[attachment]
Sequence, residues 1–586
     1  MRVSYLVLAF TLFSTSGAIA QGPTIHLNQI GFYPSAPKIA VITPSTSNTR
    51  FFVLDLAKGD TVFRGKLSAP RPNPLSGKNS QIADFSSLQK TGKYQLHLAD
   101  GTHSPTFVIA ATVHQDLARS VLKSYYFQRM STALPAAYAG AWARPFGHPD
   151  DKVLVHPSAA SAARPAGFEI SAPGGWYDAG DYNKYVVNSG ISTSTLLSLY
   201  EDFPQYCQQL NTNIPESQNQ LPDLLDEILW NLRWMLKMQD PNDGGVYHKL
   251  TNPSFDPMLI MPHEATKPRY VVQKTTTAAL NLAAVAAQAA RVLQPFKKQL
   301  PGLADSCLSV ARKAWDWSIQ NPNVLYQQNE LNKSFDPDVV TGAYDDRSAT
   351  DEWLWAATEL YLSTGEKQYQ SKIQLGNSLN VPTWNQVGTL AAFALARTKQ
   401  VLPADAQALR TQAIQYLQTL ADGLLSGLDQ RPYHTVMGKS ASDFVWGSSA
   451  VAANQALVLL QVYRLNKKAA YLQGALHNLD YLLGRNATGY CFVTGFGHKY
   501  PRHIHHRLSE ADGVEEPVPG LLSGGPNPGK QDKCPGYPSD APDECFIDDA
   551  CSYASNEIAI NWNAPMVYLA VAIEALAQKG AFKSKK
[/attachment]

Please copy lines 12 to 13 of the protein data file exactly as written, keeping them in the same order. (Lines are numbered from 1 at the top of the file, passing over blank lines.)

   501  PRHIHHRLSE ADGVEEPVPG LLSGGPNPGK QDKCPGYPSD APDECFIDDA
   551  CSYASNEIAI NWNAPMVYLA VAIEALAQKG AFKSKK